Kendra Albert, Larry Lessig and I are finishing up a study of link rot, available athttp://papers.ssrn.com/abstract=2329161. Link rot is the phenomenon by which material we link to on the distributed Web vanishes or changes beyond recognition over time. (Wiki discusses link rot here.) This is a particular problem for academic scholarship, which is increasingly linking out to the Web rather than more formal, library-curated sources. That kind of linking makes clear sense, but having materials easily accessible right until they vanish means that academic work (government documents, such as judicial opinions) can end up with sources that can’t be checked or followed up upon by readers.
We found that half of the links in all Supreme Court opinions no longer work. And more than 70% of the links in such journals as the Harvard Law Review (in that case measured from 1999 to 2012), currently don’t work. As time passes, the number of non-working links increases.
Our work builds on other great link rot studies such as that by Raizel Liebler and June Liebert in the Yale Journal of Law and Technology, available here (PDF).
In response, the Harvard Library Innovation Lab has pioneered a project to unite libraries so that link rot can be mitigated. We are joined by about thirty law libraries around the world to start Perma.cc, which will allow those libraries on direction of authors and journal editors to store permanent caches of otherwise ephemeral links. Libraries are the ideal partners for this task: they think on a long timescale; they take user trust and service seriously; and they are non-commercial. You can see more about the system at perma.cc. The amazing Internet Archive has lent its archiving engine to the effort, and Instapaper has generously provided an alternative path to parse Web pages to be saved. CloudFlare has kindly ensured that the the system at Perma.cc can scale with use.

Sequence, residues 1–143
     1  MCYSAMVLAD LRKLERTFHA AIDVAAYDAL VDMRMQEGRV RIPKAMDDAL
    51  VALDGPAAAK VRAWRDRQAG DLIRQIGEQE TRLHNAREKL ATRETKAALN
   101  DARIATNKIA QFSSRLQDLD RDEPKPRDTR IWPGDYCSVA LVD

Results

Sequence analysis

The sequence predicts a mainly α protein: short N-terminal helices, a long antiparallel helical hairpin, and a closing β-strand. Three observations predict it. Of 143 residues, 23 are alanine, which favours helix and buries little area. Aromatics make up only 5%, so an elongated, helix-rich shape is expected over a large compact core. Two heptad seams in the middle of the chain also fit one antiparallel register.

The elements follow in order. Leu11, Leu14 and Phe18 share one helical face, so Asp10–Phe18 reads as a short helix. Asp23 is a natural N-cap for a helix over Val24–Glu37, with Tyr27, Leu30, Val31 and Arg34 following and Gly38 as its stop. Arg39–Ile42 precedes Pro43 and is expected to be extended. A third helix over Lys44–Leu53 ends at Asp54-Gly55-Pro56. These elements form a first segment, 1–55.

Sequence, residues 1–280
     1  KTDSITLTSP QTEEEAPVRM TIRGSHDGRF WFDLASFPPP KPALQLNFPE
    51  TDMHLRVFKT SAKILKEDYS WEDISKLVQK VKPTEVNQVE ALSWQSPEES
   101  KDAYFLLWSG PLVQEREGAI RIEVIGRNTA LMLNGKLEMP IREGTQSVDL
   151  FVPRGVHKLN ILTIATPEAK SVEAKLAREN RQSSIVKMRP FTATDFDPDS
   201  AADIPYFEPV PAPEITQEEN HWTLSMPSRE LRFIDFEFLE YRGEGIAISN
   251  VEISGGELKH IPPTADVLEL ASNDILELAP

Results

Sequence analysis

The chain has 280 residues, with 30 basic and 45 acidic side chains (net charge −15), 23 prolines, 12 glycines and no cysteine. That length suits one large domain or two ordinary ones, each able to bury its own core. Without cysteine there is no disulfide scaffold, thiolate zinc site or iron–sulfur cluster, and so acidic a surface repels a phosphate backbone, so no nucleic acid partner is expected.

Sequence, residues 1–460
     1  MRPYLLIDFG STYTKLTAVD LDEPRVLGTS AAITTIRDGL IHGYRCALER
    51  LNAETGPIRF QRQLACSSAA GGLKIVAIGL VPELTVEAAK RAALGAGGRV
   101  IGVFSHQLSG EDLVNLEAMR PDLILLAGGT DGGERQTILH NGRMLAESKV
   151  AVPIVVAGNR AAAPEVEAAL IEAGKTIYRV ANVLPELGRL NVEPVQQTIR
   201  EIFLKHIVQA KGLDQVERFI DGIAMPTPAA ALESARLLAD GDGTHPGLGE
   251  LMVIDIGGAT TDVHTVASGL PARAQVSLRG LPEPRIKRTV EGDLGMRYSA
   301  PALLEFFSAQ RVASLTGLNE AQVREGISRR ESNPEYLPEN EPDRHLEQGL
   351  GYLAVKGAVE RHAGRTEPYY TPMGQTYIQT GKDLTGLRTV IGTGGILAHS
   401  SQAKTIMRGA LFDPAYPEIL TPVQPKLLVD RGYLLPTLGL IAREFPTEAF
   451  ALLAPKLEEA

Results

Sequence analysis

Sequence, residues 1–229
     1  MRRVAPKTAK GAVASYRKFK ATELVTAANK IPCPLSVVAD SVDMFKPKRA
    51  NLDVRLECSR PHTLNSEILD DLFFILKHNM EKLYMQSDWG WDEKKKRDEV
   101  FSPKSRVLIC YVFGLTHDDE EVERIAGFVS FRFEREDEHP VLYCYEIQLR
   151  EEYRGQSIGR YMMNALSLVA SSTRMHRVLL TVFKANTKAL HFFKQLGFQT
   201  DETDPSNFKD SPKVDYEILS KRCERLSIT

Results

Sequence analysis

We’re grateful to these many institutions and people who have come together to help make the Web work for the ages — the only way this can work is as a peer effort.
Perma’s founding partners are:
- Pence Law Library, Washington College of Law, American University
- Law Library at Boston College, Boston College of Law
- Pappas Law Library, Boston University School of Law
- Biddle Law Library, University of Pennsylvania Law School
- Charleston School of Law Library
- Arthur W. Diamond Law Library, Columbia Law School
- Digital Public Library of America
- J. Michael Goodson Law Library, Duke University School of Law
- Florida State Law Research Center, Florida State University College of Law
- The Leo T. Kissam Memorial Library, Forham University School of Law
- Georgetown Law Library, Georgetown Law
- Internet Archive
- Harvard Law School Library
- Ruth Lilly Law Library, Robert H. McKinney School of Law, Indiana University
- Louis L. Biro Law Library, The John Marshall Law School
- Louisiana Statue University Law Library, LSU Law Center
- Thurgood Marshall Law Library, Francis King Carey School of Law, University of Maryland
- Melbourne Law School Law Library
- Bodleian Law Library, Bodleian Libraries, University of Oxford
- Harnish Law Library, Pepperdine University School of Law
- The Fred Parks Law Library, South Texas College of Law
- Robert Crown Law Library, Stanford Law School
- Hugh & Hazel Darling Law Library, UCLA School of Law
- Grisham Law Library, University of Mississippi School of Law
- Wiener-Rogers Law Library, UNLV William S. Boyd School of Law
- Tarleton Law Library, Jamail Center of Legal Research, The University of Texas School of Law
- Lillian Goldman Law Library, Yale Law School